7. Morgan Freeman
His voice may be even more famous than he is, but the American actor and narrator has done more than attaining three Oscar nominations and winning many film awards. When he graduated high school he joined the Air Force to become a fighter pilot based on his romantic notions and fascination with war films, particularly those starring fighter pilots. He was so entranced with the idea of flying that he turned down a drama scholarship from Jackson State University in order to enlist. His main job was as a radar technician, but eventually he was able to train as a fighter pilot, yet as soon as he sat in the cockpit his gut told him that he was more in love the idea of becoming a fighter pilot than it actually being his true calling. He left the Air Force in 1959 after having served for nearly four years.
6. Jesse Ventura
Jesse Ventura was famous wrestler Jesse “The Body” Ventura before moving on to politics and serving as the 38th Governor of Minnesota from 1999 to 2003. Although his life of service didn’t begin in government office, it began long before the World of Wrestling Entertainment when he enlisted to the United States Navy and was a part of the Underwater Demolition Team (UDT) after graduating from Basic Underwater Demolition/SEAL (BUD/S) school. Both of his parents were World War II veterans, and despite Ventura’s training and role within the Underwater Demolition Team 12, he never saw combat. He received the Vietnam Service Medal and left the Navy in 1975. It was at that time that he began to feel the draw of both body building and wrestling as he began his second career as a famous wrestler.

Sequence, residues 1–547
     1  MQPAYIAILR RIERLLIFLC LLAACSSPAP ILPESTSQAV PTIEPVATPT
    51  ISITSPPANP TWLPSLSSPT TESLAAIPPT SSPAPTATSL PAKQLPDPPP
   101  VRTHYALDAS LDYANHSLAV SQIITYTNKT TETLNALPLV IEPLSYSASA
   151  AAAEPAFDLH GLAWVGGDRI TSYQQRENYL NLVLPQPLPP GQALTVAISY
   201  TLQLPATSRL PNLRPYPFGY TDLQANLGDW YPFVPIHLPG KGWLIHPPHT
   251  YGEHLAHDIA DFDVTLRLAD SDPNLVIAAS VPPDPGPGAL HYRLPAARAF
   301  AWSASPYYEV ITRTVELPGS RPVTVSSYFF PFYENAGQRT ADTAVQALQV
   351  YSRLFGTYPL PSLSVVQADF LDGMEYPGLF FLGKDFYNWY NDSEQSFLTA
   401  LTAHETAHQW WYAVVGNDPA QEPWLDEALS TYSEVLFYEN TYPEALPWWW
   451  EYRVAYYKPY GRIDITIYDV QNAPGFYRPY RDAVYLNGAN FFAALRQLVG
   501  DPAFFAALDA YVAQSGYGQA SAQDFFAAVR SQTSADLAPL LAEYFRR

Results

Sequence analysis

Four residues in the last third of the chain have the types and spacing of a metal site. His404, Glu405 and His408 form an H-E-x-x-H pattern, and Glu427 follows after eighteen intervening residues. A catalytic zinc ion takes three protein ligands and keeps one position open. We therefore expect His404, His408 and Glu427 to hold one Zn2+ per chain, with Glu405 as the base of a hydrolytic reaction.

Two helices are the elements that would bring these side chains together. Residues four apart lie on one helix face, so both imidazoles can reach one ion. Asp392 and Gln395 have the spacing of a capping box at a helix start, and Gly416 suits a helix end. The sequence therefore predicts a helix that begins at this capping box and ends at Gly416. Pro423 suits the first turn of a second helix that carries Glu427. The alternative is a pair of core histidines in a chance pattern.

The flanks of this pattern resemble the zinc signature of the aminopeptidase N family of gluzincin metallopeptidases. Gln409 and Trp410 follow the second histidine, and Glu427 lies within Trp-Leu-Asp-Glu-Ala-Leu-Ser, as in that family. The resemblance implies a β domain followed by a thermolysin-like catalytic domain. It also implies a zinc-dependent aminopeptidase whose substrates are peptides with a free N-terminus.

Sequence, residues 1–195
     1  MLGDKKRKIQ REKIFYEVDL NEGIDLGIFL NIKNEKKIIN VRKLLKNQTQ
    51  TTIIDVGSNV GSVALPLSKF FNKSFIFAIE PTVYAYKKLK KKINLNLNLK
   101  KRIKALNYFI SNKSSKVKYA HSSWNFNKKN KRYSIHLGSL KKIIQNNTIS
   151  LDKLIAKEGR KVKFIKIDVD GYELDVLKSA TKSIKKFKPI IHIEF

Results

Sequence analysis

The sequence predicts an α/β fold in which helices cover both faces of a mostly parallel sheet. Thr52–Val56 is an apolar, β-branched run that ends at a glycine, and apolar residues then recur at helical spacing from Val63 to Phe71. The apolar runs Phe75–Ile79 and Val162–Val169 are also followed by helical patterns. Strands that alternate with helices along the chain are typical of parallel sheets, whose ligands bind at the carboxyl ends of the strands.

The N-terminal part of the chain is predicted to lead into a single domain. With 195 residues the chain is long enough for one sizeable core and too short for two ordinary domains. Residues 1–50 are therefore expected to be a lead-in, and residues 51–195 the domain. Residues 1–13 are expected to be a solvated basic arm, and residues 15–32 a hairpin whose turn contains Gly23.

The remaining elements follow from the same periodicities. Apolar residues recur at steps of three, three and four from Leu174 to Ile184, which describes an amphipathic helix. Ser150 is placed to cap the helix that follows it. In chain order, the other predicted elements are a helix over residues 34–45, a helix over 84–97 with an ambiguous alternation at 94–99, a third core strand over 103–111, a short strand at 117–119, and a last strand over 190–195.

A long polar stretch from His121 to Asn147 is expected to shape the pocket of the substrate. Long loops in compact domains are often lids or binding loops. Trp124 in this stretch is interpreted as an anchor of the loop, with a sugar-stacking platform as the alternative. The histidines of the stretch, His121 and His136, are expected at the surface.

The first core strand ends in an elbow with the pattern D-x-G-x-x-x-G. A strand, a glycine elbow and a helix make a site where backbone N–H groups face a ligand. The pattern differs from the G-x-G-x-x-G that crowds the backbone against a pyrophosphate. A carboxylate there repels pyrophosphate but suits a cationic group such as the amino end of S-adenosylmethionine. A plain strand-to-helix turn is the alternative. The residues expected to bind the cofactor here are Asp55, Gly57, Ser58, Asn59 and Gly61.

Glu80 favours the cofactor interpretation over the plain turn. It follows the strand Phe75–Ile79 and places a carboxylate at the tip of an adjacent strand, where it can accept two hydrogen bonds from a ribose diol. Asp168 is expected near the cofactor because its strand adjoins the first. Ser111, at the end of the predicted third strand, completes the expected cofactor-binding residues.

5. Ernie Hudson
When you think of Ernie Hudson, you’ll probably first remember him for his role as the fourth Ghostbuster Winston Zeddemore in the cult classic films, or as Sergeant Albrecht in The Crow, even starring alongside Sandra Bullock in the Miss Congeniality films, or as Warden Leo Glynn on HBO’s series Oz. Hudson enlisted in the Marine Corps after he graduated from high school, however was discharged from service due to asthma before becoming an actor. Recently Ernie Hudson publicly shared his endorsement and support of American military veterans and praises them for their brave services. He can be seen for a cameo in the 2016 reboot of Ghostbusters.
4. Harvey Keitel
When Harvey Keitel dropped out of high school, he joined the Marines. Keitel is very open about the extensive positive impact joining the Marines has had on his life. He served for over three years in Lebanon for operation Blue Bat and even earned a medal as a fire team leader. Keitel has said of his experience, “For me the Marine Corps was a spiritual journey. It’s not about war.” The current co-president of the Actors Studio has appeared in many critically acclaimed films including: Taxi Driver, Reservoir Dogs, Pulp Fiction, The Grand Budapest Hotel, and The Piano. He is both an Oscar and a Golden Globe Award nominee for his outstanding work. He credits the Marines with much of his success and the way he is commended for his professionalism within the entertainment industry.
3. Tim James